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The lines of the EVO are simple and elegant, with tasteful touches such as the shape and finish of the safety catch. (Photo: Terry Wieland)

 

Adding an automatic safety to a non-selective trigger gives you, in my opinion, the best combination for a hunting gun.

For those who prefer it, the more conventional modern configuration (non-auto safety and selective trigger) is available, but I think Caesar Guerini should be congratulated for offering the simpler configuration that some see as anachronistic, but which I think is preferable in a game gun.

Actually, I would rather have a double trigger and an English (straight) stock, and Caesar Guerini offers those features through their custom shop at additional expense.

Since we are reviewing the EVO model particularly, and since decoration is what sets it apart from the Limited, we need to spend some time looking at what you get for your additional $1500.

The rounded receiver is a highly polished coin finish with a pleasing engraving pattern consisting of a flare of acanthus scroll on each side surrounded by interlacing rosettes. If I had to guess, I would say it is machine engraving of some type – certainly not hand-engraving – but it is done better than most.

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The engraving on the Ellipse EVO is both stylish and attractive. (Photo: Terry Wieland)

The wood in the stock is a couple of steps above plain, but I would not call it select by any means. The finish is supposed to be hand-rubbed oil, but it looks, feels, and reacts to dings like a coat of varnish.

The 26-line-per-inch checkering appears to be impressed rather than cut; either way, the diamonds are neither distinct nor sharp. But it fulfills the purpose of checkering and for the price you could hardly expect more.

The standard stock has a Prince of Wales grip – better than a full pistol grip for a game gun – and instead of a recoil pad it has a walnut buttplate. This feature is now common on Italian guns. I think they look awful, but it’s a matter of taste.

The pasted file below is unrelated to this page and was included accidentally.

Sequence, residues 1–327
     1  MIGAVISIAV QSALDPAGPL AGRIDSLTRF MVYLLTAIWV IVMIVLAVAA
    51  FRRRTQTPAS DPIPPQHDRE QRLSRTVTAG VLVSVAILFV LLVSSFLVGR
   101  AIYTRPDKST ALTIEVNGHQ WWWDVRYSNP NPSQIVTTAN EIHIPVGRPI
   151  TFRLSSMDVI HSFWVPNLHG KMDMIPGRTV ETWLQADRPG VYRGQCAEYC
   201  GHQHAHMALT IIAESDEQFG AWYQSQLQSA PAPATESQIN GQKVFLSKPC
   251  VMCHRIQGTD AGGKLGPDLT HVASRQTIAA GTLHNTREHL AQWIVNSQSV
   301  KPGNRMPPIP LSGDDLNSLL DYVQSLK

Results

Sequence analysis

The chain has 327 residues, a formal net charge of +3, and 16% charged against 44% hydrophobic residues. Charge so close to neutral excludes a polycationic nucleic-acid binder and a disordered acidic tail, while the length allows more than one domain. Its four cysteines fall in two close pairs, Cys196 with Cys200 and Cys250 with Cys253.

Overall, the Ellipse EVO has nice lines and little touches that make for a good hunting gun. The trigger shape, for example, is superb. More important, it does handle and shoot well. Opening and closing is smooth, and ejection is solid.

Since Caesar Guerini broke into the American market some years ago, it has established a reputation for delivering guns at all levels that give you more than you would expect for the price.

Like almost all Italian guns today, these are made on machines with a minimum of hand labor. If they weren’t, the prices would be vastly higher than they are.

So, taking that into consideration, how does it feel and function for a machine-made gun?

The answer is, very well indeed.  The designers at Caesar Guerini have put a lot of thought and effort into making a real game gun at mass-produced prices.

Terry Wieland is Shooting Editor of Gray’s Sporting Journal, a columnist for Rifle, Handloader, and Safari Times, and author of several books on rifles, shotguns, and big-game hunting. Wieland’s latest best seller, Dangerous-Game Rifles, was published in 2006, and an expanded second edition was published in 2009. Terry’s web site is located at www.terrywieland.com.

 

Helpful resources:

The Caesar Guerini web site

Terry Wieland

Terry Wieland is Shooting Editor of Gray’s Sporting Journal, a columnist for Rifle, Handloader, and Safari Times, and author of several books on rifles, shotguns, and big-game hunting. Wieland’s latest best seller, Dangerous-Game Rifles, was published in 2006, and an expanded second edition was published in 2009.

Website: www.terrywieland.com